“Amongst others they interrogated a certain Giorgio Schiavo who regularly unloaded his cargos of wood on the banks of the Tiber and, in order to protect his merchandise from thieves, regularly spent the night on his barge in the Tiber. When he was asked if he had seen anything being thrown into the Tiber on Wednesday night, he replied, so it is said, that he was on his barge that night guarding his wood and, after midnight, had seen two men on foot come down the alley to the left of the Ospedale degli Schiavoni at San Girolamo. They had walked along the road by the river, looking carefully to the right and left to see if anyone was about but, finding no one, they had returned to the alley. Shortly afterwards, two other men came out of the same alley and made the same inspection. Not seeing anything, they signaled to their companions. A rider on a white horse appeared with a corpse slung over behind him, heads and arms on one side, feet on the other. The first two men were walking beside the rider in order to keep the corpse from slipping. The horse was ridden further along to the place where the sewer emptied into the river… the two men on foot then lifted the body, one taking the arms and the other the legs and threw it into the Tiber with as much force as they were capable. The man on the horse asked if the operation had worked and they answered, “Yes, Lord.” Then, watching the river intently, and seeing something on the surface, the man on the horse asked the others what was the black thing floating in the river, they replied that it was the coat, so one of them had thrown stones to make it sink. Once that was done all five men left.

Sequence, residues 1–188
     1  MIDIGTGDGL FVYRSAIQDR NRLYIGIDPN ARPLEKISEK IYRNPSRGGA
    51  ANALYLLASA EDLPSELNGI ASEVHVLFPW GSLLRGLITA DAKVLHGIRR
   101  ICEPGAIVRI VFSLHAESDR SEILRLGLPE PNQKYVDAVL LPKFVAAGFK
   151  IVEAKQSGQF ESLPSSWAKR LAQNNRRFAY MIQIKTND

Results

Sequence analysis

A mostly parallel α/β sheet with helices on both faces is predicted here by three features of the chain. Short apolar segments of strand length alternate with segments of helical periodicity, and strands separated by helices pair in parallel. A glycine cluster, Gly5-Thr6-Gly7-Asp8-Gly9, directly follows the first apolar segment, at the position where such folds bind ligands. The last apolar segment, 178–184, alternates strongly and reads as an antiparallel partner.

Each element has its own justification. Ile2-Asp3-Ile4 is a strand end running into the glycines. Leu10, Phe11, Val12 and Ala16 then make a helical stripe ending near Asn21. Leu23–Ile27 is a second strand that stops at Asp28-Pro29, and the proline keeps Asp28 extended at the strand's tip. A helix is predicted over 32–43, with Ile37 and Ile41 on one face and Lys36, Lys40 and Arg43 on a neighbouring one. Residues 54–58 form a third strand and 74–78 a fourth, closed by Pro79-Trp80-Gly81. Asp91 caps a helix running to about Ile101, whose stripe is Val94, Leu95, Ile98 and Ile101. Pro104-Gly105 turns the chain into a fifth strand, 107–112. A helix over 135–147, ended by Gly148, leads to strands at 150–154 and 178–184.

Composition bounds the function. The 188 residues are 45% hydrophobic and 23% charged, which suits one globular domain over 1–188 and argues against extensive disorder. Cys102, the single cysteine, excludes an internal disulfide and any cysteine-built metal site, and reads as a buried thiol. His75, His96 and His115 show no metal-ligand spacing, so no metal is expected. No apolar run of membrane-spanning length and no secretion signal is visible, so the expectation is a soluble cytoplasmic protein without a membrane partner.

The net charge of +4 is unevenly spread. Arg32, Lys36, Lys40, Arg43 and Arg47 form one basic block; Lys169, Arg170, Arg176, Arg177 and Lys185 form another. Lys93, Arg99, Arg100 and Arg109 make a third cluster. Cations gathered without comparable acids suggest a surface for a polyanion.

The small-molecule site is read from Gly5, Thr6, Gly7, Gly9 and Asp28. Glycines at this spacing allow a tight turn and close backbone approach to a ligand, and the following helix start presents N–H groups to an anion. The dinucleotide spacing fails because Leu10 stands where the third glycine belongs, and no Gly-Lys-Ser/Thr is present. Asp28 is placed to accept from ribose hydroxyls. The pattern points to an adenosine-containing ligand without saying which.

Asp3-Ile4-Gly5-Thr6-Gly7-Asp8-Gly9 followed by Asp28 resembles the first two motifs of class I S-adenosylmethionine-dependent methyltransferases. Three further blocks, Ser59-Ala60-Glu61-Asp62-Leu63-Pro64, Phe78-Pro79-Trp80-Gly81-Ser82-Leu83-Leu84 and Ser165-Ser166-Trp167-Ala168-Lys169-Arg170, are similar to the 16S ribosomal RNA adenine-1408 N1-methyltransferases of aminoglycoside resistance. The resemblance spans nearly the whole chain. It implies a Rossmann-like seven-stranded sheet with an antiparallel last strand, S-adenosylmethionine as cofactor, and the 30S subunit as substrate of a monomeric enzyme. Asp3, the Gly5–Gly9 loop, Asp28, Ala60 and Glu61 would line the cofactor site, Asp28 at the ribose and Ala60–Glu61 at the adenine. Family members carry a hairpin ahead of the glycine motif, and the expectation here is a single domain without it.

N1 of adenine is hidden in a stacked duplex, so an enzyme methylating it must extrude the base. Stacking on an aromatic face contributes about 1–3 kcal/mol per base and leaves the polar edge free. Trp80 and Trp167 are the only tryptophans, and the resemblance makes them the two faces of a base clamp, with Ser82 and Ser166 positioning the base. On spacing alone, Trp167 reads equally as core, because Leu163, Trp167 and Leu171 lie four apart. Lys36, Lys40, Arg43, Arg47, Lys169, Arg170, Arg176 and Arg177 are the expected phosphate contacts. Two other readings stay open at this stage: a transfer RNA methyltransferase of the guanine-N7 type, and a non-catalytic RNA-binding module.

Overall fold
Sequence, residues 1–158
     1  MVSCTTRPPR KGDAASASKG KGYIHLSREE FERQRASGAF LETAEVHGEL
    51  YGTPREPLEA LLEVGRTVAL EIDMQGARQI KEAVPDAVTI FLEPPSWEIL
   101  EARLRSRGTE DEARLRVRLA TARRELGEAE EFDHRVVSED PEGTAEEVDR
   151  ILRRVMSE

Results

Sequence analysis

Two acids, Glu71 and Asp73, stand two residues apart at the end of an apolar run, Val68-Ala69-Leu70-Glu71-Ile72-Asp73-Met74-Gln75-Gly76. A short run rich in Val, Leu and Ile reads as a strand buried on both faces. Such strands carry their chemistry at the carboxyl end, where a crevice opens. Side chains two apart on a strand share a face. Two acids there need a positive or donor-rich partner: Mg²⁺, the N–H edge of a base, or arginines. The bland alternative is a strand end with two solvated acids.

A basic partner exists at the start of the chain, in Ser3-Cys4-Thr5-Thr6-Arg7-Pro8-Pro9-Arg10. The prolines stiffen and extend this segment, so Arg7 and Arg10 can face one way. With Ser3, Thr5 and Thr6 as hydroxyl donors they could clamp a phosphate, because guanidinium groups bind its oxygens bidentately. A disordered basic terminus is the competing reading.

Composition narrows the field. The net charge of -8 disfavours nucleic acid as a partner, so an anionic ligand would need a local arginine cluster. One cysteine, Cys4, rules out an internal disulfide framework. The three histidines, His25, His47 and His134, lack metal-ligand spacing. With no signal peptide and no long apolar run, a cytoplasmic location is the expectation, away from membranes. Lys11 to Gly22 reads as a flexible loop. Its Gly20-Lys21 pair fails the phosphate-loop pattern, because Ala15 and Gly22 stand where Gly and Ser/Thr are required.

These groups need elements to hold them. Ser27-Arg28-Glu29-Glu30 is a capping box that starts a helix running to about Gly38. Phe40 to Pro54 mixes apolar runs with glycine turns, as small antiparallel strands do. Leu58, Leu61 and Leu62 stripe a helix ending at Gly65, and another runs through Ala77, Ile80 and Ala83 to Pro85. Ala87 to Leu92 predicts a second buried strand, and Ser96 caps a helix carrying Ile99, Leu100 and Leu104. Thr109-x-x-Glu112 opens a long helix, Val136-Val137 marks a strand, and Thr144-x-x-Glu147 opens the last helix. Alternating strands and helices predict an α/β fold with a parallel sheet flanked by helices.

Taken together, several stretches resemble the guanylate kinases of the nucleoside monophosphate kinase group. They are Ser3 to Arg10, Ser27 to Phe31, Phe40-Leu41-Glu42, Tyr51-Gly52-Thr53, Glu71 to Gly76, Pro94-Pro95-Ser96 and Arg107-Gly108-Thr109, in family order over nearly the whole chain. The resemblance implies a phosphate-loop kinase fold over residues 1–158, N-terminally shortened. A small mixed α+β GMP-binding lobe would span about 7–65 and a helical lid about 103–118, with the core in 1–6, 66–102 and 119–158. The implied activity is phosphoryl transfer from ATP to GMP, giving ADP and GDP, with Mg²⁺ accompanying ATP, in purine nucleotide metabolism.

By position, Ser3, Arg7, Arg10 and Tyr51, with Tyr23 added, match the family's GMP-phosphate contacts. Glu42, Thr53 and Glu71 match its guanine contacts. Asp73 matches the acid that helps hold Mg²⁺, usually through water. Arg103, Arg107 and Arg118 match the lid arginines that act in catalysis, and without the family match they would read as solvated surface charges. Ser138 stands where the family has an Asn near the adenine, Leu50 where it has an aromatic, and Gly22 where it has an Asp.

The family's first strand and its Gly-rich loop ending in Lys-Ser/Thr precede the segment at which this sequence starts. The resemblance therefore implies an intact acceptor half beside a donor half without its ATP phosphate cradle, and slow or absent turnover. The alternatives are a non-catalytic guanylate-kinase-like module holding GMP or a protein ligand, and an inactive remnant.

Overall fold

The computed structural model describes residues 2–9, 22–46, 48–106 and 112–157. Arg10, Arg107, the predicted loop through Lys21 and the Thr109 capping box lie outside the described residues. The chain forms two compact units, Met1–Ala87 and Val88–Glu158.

Johannes Burchard, Liber notarum, pg 234-5
Who Killed the Duke of Gandia?
Juan Borgia, Duke of Gandia, was not much liked either in Spain – where he struck one contemporary as ‘an avaricious youth, self-important, proud, vicious and irrational’ – or in Rome, where he had made many enemies, not least among the husbands of his many mistresses.
One of his conquests was reputed to be his sister-in-law, Sancia of Aragon. A letter was found in his apartments warning him that a Roman friend was actually his enemy. One of the most obvious suspects in his murder was Giovanni Sforza, whose fury at the pope’s decision to annul his marriage to Lucrezia Borgia was widely known; but he was fortunately in Milan at the time, and his brother, Galeazzo – another suspect – could prove he had never left Pesaro. Cardinal Ascanio Sforza, who had had a violent argument with the Duke a few days before his death, was also suspected, but Alexander VI insisted ‘God forbid that I should have such terrible suspicions of someone I have always loved as a brother’ and continued to behave in a friendly manner towards his old ally. Another man with a grudge against the Duke was Guidobaldo della Rovere, whom the pope had refused to ransom after the Battle of Soriano.